I'm a beginner, and these may be very obvious for you, but I'm trying to understand if there are security issues with this example.

Today on Stack Overflow, I saw the following post: PHP Sessions Login with remember me.

The question is about creating a "Remember Me" function to extend the authenicated session for logged-in people.

The accepted answer was:

function setSession($username,$password,$cookie=null){
    // Other code for login ($_POST[]....)
    // $row is result of your sql query
    $values = array($username,$this->obscure($password),$row['id']);         
    $session = implode(",",$values);

    // check if cookie is enable for login
        setcookie("your_cookie_name", $session, time()+60*60*24*100,'/');
    } else {
        $_SESSION["your_session_name"] = $session;

So, my question is not about how you should do this, but am I correct in the security issues I outlined below for this code example?

Using the OWASP Top 10 for reference, these are the issues I see:

Issue 1 :

First we can suppose that $session has the password and the username because the $value contains the username and password of the user. Also with this line:

setcookie("your_cookie_name", $session, time()+60*60*24*100,'/');

The cookie has now the credentials of the user. A big mistake for me, see Issue 3 for more.

Issue 2 :

I read this OWASP article where they say that to prevent CSRF we need to generate a random ID associate to the SESSION or Cookie.

Obviously in this code there isn't a token or unique ID which is suspicious to me.

Issue 3 :

We can also imagine the site might be vulnerable to 'Cross-Site Scripting (XSS)'

In fact, if the credentials of the user are stored in a cookie we can execute a simple script and show the cookie.



I'm sure there may be other issue, but I've exposed the most obvious for me. Am I right in the issues I've identified? Did I miss any other big security issues with this code?

2 Answers 2


Storing sensitive data in a cookie is not necessarily unsafe, it depends how you configure the cookie. Te cookie needs to be configured as a secure cookie (limited to HTTPS only), HttpOnly flag should be set to avoid cross side scripting (the cookie will not be available from javascript) and the domain must be set to the correct value depending on the scope of the cookie. Using these settings it is OK to place the username in the cookie.

Regarding the other data in the cookie it is possible to create a triplet of username, series token and one time token. This triplet is stored in the database and in the cookie and can be compared in order to authenticate the user. There is an excellent article explaining this technique on Barry Jaspan's blog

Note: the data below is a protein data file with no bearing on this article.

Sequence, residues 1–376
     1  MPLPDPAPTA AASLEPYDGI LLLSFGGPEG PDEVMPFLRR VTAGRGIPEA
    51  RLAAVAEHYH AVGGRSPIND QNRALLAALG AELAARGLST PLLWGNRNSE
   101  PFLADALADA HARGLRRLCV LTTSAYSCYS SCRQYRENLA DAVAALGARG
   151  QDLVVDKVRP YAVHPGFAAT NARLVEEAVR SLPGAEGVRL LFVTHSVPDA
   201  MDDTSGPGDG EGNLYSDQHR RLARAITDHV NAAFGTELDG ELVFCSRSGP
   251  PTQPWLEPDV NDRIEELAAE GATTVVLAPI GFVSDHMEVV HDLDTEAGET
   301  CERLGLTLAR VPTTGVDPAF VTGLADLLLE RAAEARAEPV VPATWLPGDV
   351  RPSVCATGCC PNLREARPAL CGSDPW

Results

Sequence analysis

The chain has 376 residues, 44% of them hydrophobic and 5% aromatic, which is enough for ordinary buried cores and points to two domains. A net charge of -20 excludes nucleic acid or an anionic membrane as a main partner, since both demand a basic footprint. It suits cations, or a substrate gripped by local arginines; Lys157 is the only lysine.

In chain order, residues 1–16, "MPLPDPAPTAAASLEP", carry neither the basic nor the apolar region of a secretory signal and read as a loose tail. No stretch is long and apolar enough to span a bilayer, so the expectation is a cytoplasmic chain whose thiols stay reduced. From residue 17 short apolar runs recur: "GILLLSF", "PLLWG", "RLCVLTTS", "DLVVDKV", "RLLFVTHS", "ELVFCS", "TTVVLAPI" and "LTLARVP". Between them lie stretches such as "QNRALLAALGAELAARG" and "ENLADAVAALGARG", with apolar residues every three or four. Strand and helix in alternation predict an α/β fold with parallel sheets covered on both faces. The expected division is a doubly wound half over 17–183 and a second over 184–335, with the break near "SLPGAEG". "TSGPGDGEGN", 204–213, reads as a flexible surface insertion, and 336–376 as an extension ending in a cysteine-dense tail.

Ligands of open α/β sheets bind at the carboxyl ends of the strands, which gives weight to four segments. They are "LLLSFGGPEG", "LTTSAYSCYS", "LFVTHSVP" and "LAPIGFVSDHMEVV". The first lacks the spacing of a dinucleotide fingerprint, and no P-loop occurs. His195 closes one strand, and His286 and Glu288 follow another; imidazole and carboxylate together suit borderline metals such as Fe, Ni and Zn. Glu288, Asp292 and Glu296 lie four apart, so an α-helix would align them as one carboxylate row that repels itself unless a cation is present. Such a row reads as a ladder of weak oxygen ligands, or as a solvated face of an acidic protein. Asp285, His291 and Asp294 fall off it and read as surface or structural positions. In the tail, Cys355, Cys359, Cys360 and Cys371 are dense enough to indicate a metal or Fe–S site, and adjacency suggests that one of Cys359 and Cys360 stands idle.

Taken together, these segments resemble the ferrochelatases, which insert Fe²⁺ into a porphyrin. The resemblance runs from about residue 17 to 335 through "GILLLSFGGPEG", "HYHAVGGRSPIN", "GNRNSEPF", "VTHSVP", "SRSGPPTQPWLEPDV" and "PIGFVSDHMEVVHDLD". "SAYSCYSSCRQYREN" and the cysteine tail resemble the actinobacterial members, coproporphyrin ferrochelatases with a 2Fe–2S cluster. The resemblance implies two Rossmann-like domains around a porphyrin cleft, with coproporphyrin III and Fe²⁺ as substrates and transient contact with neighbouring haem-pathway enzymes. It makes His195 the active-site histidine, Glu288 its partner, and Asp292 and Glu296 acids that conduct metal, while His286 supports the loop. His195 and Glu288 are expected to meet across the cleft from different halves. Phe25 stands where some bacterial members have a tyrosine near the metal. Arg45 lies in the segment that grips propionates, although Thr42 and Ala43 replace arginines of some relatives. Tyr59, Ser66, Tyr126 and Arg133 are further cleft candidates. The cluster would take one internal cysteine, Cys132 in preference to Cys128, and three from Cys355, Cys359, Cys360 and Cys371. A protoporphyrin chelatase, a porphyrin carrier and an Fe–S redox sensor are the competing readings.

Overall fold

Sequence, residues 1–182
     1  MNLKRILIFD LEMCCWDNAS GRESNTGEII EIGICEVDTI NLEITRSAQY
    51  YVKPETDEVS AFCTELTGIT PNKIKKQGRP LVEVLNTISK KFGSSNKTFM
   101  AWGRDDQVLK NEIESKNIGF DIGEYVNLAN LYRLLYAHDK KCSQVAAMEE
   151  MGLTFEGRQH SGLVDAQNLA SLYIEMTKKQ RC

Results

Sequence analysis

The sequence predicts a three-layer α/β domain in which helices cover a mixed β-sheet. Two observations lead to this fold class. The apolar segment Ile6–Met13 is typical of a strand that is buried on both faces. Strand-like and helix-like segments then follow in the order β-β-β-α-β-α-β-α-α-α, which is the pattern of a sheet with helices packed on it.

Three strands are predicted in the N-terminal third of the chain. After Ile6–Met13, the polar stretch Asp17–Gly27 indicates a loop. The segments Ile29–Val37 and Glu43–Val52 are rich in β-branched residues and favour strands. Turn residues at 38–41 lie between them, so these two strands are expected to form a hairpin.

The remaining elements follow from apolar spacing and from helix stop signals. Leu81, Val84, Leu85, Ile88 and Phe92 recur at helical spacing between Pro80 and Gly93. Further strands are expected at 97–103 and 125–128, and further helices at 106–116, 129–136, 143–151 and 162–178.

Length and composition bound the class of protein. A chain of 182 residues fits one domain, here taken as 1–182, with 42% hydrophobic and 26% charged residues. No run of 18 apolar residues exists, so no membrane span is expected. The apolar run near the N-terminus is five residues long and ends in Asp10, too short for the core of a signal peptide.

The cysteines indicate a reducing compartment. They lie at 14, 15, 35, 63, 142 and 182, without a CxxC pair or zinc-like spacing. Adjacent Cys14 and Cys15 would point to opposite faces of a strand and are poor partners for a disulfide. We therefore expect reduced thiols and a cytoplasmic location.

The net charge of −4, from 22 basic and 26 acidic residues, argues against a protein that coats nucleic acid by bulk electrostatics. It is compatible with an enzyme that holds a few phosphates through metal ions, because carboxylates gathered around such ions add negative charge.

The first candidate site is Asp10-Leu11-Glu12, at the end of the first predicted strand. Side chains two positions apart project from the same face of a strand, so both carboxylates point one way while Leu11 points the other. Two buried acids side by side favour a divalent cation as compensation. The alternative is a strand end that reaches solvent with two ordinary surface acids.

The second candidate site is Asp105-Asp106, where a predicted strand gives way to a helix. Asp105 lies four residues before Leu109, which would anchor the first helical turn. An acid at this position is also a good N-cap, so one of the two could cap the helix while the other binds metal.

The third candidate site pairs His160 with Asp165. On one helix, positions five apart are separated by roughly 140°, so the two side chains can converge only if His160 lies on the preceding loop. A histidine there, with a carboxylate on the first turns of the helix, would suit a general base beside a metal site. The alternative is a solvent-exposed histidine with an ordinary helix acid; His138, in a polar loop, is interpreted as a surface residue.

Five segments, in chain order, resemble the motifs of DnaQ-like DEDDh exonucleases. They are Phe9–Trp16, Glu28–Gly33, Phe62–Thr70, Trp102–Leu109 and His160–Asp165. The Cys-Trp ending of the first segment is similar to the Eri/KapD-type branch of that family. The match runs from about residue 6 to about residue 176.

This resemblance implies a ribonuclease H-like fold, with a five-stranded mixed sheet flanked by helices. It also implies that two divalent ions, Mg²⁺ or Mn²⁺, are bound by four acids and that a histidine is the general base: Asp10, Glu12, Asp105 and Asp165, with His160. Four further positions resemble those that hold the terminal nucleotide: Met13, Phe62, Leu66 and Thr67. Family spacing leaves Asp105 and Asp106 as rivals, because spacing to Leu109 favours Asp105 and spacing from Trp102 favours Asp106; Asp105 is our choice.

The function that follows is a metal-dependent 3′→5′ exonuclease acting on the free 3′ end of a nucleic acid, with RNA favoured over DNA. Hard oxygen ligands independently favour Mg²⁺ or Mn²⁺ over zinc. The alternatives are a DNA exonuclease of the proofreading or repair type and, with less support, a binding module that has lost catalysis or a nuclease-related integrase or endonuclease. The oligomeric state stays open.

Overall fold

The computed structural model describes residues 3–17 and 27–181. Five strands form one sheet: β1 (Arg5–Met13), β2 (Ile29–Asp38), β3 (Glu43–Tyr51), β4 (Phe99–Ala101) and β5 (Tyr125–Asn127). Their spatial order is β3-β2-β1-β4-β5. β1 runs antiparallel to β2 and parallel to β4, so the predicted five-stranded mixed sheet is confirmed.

If you would like an additional security measure, you can further encrypt the cookie value with a key found on the server so the details such as the username and tokens cannot be read on the browser even by the user himself. But if you have a load balanced environment you will have to make sure the encryption key is shared between all instances using your DB for example.

Regarding the specific implementation mentioned in your code example there are a few concerns:

  1. what does the obscure function do? even if its a one way has function it would be safer to just use a cryptographically secure pseudo-random number instead
  2. what is the idea of the row id parameter? it is not understood and is not random
  3. it is not clear what it means when $cookie is not 'on'. The authentication values are then stored in the session instead of in a cookie. If $cookie!='on' means that cookies are disabled, this is a bad practice, since session ID will be kept in the url.

You are right with all those issues. That implementation is not secure and could lead to identity theft.

It is even less secure than using HTTP basic authentication as those cookies are vulnerable to XSS attacks.

I could not think of any other issue apart from the ones you provided. (aren't they enough?). Well, there is the id of the entry of the user in the database in the cookie, so it could help in other attacks... As there is no info on that query, the only reason to include the row id is to search the database with it on next login, so it could be vulnerable to an SQL injection (not likely, though)

There are still too many details left out of that code (like the "obscure" function (reversible or hash?) or the implied SQL query) that the response seems a little weak. I mean, that code sets the cookie but, how does it use that cookie?

And why does it store the "obscured" password on the session cache of the server if there is no "cookie enabled"? I mean, you already have the passwords stored somewhere (database, LDAP, plain files, ...) so there is no need to store it again. That increases the risk of getting those passwords stolen, as that data would be unencrypted on a temporal directory on the server.

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